Saturday, November 16, 2019

Great Western Bank, 1956

Today's featured scan required a little detective work, and it was very gratifying when it paid off! The photo is dated (by hand) "9-14-56"; folks from SoCal might remember the Los Angeles Forum (aka the "Fabulous Forum"), which was known as the "Great Western Forum" from 1988 to 2003 - and this is a "Great Western Savings" building. In doing some research, I eventually found a website ( that had some good information - the website has since vanished; but I did copy part of the page.

The website said that this was "Crenshaw Savings and Loan", and that it was designed by architect W.A. Sarmiento of the Bank Building and Equipment Corporation of America. "Its design, an inverted trapezoid over a transparent cube, closely resembles the design for The Firestone Bank in Akron, Ohio." Strange that I can find no mention of it as a Great Western, and yet... here's the photo as evidence.

I found a single good photo of that Firestone Bank in Akron... you can see the family resemblance.

The Crenshaw Savings (or whatever it was called) building still exists as a Chase Bank at 4401 Crenshaw Boulevard. Here's a Google screen grab; it looks much the same, though we can see that an upper story was added at some point. Strangely, the aforementioned website said that this structure was built in 1958 (Wikipedia also cites 1958 as the date)...

But the slide mount is hand-dated "1956" - TWICE (once on each side of the slide). This discrepancy might cause an international incident!


Nanook said...


That's a pretty snappy example of mid-century modern architecture. And it looks decidedly-modern, standing behind that 'black', 1947 Cadillac. It's nice to see the building is still standing and being used - as a bank, no less.

Thanks, Major.

JC Shannon said...

Isn't it obvious? The photographer time traveled to the future to get the shot. Some photographers will do anything for the perfect pic. Try fitting a Flux Capacitor in an old Caddy. It ain't easy I tell ya. But seriously, it is a grand building. Glad to see that nobody felt the need to tear it down. Thanks Major.

Andrew said...

I always love catching glimpses of sleek old buildings like these. "Anything goes Thursdays" are the best! Thanks for the post.

TokyoMagic! said...

I love the look of this building. I don't even mind the addition of the extra story. The addition looks seamless. I wonder if an entirely new "trapezoid" facade was constructed, after the addition was made?

I wonder if that vintage pic of the bank could have been taken by Dennis Weaver, while riding horseback?

Nanook said...


I should have mentioned - I see from the current view, the present street lights have finally “caught-up” with the building. I assume Sarmiento would be pleased.

Major Pepperidge said...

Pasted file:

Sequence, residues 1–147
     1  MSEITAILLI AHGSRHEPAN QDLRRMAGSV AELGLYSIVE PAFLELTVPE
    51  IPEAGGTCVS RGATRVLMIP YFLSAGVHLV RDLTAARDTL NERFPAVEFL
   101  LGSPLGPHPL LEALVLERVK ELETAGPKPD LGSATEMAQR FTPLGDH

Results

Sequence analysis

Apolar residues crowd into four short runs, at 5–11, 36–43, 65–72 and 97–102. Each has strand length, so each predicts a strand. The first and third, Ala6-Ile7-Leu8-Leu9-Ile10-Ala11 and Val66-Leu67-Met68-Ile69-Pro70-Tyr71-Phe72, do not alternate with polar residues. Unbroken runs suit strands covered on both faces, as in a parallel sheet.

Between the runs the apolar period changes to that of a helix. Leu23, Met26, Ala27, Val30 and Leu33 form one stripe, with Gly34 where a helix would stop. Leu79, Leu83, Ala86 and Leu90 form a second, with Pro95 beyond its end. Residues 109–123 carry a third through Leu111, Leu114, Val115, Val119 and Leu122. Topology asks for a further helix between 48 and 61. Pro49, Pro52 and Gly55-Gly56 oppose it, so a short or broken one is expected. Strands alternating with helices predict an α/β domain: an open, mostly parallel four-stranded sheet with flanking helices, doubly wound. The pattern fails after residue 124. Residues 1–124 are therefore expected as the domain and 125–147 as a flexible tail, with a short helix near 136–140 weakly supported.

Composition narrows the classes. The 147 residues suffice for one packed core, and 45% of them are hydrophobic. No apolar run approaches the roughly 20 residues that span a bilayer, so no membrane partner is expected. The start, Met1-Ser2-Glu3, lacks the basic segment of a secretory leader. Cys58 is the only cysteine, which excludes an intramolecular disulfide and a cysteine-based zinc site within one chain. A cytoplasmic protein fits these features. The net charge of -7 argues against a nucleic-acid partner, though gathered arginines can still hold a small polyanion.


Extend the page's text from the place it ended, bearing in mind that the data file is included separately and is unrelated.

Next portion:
Nanook, it’s a snazzy building! It took me a few views before I noticed the added upper level, to be honest - the original look was a bit sleeker, but it still looks good. Thanks for the ID on the Caddy!

Jonathan, I have the feeling that somehow an erroneous date of construction got out there and now everyone cites the same wrong info. I feel pretty superior, I’ll tell ya! Probably the fact that this building is in the Crenshaw district (not the greatest area) is how it survived, though it is getting gentrified just like all these kinds of places.

Andrew, I guess with the time change you are seeing this on a Thursday! ;-)

TokyoMagic!, it’s hard to tell from the photo, but I can only assume that they had to “re-face” the part of the building that has the extension (the white part). Who gets to be upstairs? I don’t get the Dennis Weaver remark, though I probably should.

Nanook, I sort of like those old 1930’s (?) street lights in the first photo! I should look to see if Google has updated their street view of this area, since I see that my screen grab is from 8 years ago.

TokyoMagic! said...

Major, Dennis Weaver did the Great Western commercials from the early eighties up until the late nineties. "Great Western Savings....a new brand of banking!" He was often on a horse, in the commercials:

1984 Great Western Commercial

Dean Finder said...

The Great Western Building looks entirely mid century with its monocromatic exterior, while the Firestone building looks like something from the 1990s with its use of brick at street level.

Anonymous said...

Major,these are striking buildings.

Interesting that the 50's design would have such strong diagonal elements. I usually associate that style with work from the 70's.

The fins are interesting elements also. I agree, the addition of the upper floor makes the proportions better.

I often find in architectural research that there is confusion over the date of a building. Some records note the year construction started, while others note the year of completion. Generally, a year or two for construction is about right and often, design was a year or two before that, or even longer for costly or controversial designs. Your discrepancy is going the other way, though, unless the photographer was wrong, but with such a specific date that seems unlikely.

Of course, we can rely on Wikipedia for accurate information about how Santa Claus and Wild Bill Hickok conquered the Spartans at the Second Battle of Bull Run, so I'm going with the photographer here.


Andrew said...

Oh man, how did that get past me? I definitely meant to say "Anything Goes Saturdays," of course. I guess that's what happens when I comment first thing in the morning! But yes, I'll just stick with your explanation. :)